Lives in Berlin (DE)
Jennifer O’Donnell is an Irish architect and co-founder of plattenbaustudio. She studied architecture at University College Dublin and KTH Stockholm, graduating with first class honours. Her work focuses on the inhabitation of architecture, using architectural drawing as a means of studying and comprehending the complexities of the built environment. Her interest lies in the everyday realities of architecture in use; in the appropriation of space by the body and by objects. Her ongoing interest in architectural drawing includes its potential as a tool for communication within the wider public discourse around architecture. Jennifer’s work has been exhibited at the Irish Museum of Modern Art, the London Festival of Design and the Irish Embassy in Berlin.
“What Matters” was the question andtatement of 2022 presentation of works by the JUNGE AKADEMIE, the interdisciplinary and international artist-in-residence programme of the Akademie der Künste. In an exhibition and a multifaceted programme including screenings, concerts and readings, 29 fellows from all of the Akademie’s art sections presented sound and video installations, photographs, sculptures, paintings and performances they developed during their studio residencies in the Hansaviertel in Berlin and at Villa Serpentara in Olevano, Italy.
“What Matters” is not to be understood as the title of a thematic exhibition but rather indicates the diversity of questions, perspectives and realities that are interlaced in an artist residency, while emphasising their urgency. The exhibition focused on the artists’ individual approaches that encompass a broad spectrum of themes: from questions about the transformation of societies and their expression in relation to the urban space and landscape, to interrelations between the individual and social systems such as state, religion and the economy, to reflections on body images and conceptions of history, personal archives and the intertwining of nature, technology and culture.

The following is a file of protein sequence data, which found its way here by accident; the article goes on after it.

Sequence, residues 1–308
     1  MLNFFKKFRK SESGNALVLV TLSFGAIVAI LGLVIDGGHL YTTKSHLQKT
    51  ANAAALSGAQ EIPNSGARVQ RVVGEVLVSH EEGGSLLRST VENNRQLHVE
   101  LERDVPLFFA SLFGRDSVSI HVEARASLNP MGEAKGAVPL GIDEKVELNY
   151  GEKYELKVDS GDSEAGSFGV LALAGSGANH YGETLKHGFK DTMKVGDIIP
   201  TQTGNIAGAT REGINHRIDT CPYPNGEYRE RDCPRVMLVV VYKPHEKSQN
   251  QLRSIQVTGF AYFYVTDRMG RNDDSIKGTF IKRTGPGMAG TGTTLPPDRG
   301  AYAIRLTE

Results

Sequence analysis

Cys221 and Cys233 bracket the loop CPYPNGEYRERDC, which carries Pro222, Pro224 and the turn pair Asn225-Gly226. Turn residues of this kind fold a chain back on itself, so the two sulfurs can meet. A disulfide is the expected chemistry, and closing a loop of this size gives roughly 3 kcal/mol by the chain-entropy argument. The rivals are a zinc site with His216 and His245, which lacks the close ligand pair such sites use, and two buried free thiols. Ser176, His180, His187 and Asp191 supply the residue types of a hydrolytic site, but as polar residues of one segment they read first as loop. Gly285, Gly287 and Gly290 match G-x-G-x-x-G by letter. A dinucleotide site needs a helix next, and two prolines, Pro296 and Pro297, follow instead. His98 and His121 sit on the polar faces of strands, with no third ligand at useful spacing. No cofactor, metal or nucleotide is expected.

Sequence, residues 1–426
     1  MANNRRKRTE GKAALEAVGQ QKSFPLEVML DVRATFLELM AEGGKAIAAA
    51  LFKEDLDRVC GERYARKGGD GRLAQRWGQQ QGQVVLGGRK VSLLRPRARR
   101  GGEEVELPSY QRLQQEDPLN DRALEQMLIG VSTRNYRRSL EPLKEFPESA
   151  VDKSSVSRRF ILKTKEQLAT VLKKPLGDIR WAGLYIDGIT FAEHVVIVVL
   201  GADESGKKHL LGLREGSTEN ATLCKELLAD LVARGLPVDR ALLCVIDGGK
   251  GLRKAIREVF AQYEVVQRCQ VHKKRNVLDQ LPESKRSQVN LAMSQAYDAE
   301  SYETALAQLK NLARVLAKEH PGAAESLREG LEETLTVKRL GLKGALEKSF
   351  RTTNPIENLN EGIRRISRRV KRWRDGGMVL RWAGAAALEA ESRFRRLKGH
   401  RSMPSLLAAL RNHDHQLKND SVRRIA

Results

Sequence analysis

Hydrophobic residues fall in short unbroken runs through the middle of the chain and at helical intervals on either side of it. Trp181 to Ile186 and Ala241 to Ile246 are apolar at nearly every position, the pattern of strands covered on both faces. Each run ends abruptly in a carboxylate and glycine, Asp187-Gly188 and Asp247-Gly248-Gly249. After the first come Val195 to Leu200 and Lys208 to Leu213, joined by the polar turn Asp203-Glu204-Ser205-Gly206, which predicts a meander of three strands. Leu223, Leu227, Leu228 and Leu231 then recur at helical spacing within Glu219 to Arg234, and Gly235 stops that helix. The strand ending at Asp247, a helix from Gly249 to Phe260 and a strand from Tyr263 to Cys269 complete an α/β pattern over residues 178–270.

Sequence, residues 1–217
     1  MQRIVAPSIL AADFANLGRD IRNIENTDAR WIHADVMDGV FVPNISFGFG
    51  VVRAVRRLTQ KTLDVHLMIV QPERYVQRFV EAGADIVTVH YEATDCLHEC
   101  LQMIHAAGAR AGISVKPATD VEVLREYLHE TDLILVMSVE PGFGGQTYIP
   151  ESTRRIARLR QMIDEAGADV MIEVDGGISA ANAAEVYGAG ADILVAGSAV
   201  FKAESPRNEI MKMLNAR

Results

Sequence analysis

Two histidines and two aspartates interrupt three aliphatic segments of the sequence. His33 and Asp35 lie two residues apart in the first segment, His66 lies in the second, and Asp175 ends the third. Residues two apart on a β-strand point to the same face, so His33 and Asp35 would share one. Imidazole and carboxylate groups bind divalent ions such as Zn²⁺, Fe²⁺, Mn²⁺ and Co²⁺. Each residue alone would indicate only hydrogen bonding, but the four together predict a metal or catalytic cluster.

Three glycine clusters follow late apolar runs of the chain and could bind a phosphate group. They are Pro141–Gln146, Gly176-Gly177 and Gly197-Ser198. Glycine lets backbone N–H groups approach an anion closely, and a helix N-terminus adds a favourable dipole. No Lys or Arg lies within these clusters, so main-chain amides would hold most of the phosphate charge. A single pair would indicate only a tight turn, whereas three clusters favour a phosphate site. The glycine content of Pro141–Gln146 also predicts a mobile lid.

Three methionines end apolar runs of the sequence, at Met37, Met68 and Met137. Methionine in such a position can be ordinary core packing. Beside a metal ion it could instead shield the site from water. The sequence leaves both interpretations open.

What matters is artistic testimony, poetic resistance and the imagining of sustainable futures in the face of global tipping points – whether climatic or political in nature. Two years into the pandemic and the associated restrictions, “What Matters” was the most comprehensive presentation of works to date by the JUNGE AKADEMIE.
To quote one of the fellows: “What matters? Make them see…”
Jennifer O´Donnell & Jonathan Janssens (Plattenbaustudio)
Bookbinding paper and timber
This installation presents a physical, spatial reading of abusive power structures on the daily lives of those affected. In particular, it looks at the case of Ireland’s Magdalene Laundries, where vulnerable women and girls deemed to have broken the strict moral codes of Irish Catholic society (often with regard to sex and expected female conduct) were held indefinitely and forced to work without payment at laundry or needlework as penance for their sins. The last laundry – located at Sean McDermott St in Dublin’s city centre – closed in 1996 and remains empty today. It is the subject of ongoing debate about how we might best commemorate places of dark history.
Three objects made of paper form an axial composition; the installation includes an industrial ironing machine and a detail from a chapel wall, with a single bed placed between them. Together these objects replicate their original positions within the dormitories, laundry and chapel at Sean McDermott St. They spatialise the reality of lives caught within the powerful forces of a religious culture which saw Irish society’s most vulnerable women and girls commodified and their humanity negated.